In recent years, mechanisms of arterial calcifications are beginning to be elucidated. Arterial calcification is now considered as
an actively regulated process resembling osteogenesis within the arterial wall orchestrated by a number of systemic or constitutively expressed
mediators. Genetic studies of rare monogenic human disorders and studies of naturally occurring or mutant mouse models have
identified specific inductors and inhibitors of arterial calcification, which can be classified according to the networks they participate in.
These networks include ATP and pyrophosphate metabolism, phosphate homeostasis and vitamin D receptor signaling. Furthermore, intracellular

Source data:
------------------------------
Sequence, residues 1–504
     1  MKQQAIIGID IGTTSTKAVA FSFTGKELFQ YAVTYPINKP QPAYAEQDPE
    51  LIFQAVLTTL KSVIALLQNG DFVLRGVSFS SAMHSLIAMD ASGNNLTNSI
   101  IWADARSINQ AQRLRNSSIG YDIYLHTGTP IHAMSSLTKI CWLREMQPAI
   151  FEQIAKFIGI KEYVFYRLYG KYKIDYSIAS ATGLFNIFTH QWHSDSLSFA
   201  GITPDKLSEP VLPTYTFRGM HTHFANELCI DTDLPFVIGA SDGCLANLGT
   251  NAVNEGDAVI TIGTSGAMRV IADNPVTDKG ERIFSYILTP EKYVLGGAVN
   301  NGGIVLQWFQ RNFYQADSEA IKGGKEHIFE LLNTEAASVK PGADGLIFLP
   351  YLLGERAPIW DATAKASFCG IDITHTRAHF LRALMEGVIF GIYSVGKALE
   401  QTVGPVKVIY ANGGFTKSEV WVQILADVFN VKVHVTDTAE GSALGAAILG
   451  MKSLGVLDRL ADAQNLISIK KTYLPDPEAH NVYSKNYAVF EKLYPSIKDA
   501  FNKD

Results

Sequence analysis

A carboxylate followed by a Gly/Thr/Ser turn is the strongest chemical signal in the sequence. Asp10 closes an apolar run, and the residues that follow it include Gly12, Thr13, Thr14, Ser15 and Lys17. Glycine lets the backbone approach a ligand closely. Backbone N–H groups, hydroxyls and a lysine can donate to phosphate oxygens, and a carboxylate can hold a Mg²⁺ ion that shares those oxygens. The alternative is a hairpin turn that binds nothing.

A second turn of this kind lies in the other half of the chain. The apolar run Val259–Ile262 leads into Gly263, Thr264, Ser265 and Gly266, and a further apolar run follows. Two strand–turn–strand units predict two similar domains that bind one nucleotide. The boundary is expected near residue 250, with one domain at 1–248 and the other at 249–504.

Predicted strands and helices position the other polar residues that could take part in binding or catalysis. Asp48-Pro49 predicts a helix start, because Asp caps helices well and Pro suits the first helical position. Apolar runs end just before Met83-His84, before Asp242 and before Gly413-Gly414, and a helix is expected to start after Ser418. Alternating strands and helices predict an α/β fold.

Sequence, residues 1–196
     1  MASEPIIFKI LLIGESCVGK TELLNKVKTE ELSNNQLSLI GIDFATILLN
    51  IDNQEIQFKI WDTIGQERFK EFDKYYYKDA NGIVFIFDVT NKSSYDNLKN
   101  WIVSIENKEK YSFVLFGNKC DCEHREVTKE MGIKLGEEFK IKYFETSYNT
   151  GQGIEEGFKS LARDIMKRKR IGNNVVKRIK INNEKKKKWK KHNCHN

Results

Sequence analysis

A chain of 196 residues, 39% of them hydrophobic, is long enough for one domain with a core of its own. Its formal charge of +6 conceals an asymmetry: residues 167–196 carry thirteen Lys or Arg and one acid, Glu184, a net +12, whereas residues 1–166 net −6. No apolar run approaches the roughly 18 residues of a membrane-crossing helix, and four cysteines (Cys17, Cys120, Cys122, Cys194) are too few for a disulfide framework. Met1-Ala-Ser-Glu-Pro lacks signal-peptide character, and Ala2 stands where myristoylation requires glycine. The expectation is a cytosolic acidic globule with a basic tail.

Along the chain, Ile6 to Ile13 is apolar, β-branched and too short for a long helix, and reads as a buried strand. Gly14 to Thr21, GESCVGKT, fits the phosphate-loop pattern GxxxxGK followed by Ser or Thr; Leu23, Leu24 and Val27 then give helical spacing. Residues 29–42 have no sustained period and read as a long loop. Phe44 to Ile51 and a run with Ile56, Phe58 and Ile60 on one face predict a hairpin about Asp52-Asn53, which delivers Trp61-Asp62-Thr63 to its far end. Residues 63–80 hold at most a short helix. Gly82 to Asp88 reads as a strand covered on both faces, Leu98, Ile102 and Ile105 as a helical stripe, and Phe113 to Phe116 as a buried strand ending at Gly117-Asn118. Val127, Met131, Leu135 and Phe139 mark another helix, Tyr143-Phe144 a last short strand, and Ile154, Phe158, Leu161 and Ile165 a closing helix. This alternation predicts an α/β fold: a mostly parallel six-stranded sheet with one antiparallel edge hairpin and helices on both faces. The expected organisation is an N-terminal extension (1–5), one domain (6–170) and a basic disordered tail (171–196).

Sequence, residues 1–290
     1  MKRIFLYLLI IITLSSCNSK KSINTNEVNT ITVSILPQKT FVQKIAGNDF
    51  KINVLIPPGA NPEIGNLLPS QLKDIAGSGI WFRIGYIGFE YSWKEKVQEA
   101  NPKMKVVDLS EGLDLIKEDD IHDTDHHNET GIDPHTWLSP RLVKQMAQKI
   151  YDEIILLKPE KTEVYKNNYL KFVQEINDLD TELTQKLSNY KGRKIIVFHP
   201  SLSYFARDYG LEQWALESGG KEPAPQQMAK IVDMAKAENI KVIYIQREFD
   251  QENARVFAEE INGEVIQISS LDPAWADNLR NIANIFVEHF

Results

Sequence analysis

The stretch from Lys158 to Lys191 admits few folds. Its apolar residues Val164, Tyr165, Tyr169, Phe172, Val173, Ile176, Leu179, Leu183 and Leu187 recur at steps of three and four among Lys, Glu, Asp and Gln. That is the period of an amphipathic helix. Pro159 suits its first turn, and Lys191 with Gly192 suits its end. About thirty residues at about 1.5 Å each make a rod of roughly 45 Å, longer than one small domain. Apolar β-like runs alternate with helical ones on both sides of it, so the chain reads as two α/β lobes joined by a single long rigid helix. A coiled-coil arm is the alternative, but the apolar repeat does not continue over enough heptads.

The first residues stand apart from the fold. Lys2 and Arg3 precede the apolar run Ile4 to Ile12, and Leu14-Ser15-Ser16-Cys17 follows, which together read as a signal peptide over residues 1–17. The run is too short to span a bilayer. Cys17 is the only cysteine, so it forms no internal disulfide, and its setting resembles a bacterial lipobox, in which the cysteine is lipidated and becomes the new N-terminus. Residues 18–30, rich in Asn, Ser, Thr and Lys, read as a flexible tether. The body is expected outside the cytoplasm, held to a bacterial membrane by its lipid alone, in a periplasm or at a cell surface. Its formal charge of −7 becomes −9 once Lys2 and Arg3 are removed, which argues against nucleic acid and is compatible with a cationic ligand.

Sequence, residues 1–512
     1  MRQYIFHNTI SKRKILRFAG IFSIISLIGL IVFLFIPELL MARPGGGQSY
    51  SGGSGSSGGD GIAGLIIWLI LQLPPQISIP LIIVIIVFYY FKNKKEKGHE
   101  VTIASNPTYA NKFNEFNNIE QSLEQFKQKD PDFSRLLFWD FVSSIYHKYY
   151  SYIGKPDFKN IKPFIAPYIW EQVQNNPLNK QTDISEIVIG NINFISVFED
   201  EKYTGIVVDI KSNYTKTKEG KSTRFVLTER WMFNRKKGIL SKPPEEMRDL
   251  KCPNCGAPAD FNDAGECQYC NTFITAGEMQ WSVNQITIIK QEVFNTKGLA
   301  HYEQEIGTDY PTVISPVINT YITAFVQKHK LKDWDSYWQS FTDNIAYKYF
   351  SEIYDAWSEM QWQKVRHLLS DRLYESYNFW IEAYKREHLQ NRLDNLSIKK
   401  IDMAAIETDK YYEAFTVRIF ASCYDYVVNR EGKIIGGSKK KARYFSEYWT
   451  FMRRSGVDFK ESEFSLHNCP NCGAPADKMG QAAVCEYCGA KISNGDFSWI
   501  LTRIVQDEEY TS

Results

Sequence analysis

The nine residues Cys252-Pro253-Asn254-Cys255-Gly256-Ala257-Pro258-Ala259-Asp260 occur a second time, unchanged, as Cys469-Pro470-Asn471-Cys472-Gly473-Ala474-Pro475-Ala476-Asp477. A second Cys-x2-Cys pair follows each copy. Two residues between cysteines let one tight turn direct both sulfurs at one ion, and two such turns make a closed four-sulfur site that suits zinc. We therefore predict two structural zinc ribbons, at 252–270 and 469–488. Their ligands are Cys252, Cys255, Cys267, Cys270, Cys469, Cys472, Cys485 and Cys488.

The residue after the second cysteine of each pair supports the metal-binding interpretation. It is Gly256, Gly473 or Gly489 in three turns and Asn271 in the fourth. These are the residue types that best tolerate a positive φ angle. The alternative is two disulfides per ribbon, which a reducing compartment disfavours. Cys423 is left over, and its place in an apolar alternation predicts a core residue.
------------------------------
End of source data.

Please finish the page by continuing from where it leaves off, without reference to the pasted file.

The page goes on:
signaling molecules, including SMAD6 and a number of systemic circulatory inhibitors of arterial calcification, including fetuin,
tumor necrosis factor receptor superfamily member 11b, matrix GLA protein, adiponectin and family with sequence similarity 20
member A have been identified by human and mouse genetics. Based on the in vivo evidence of their functional relevance, these proteins
will serve as excellent targets for the prevention and treatment of arterial calcification. In this review we discuss the functional role of the
identified modulators of arterial calcification and describe the networks they belong to.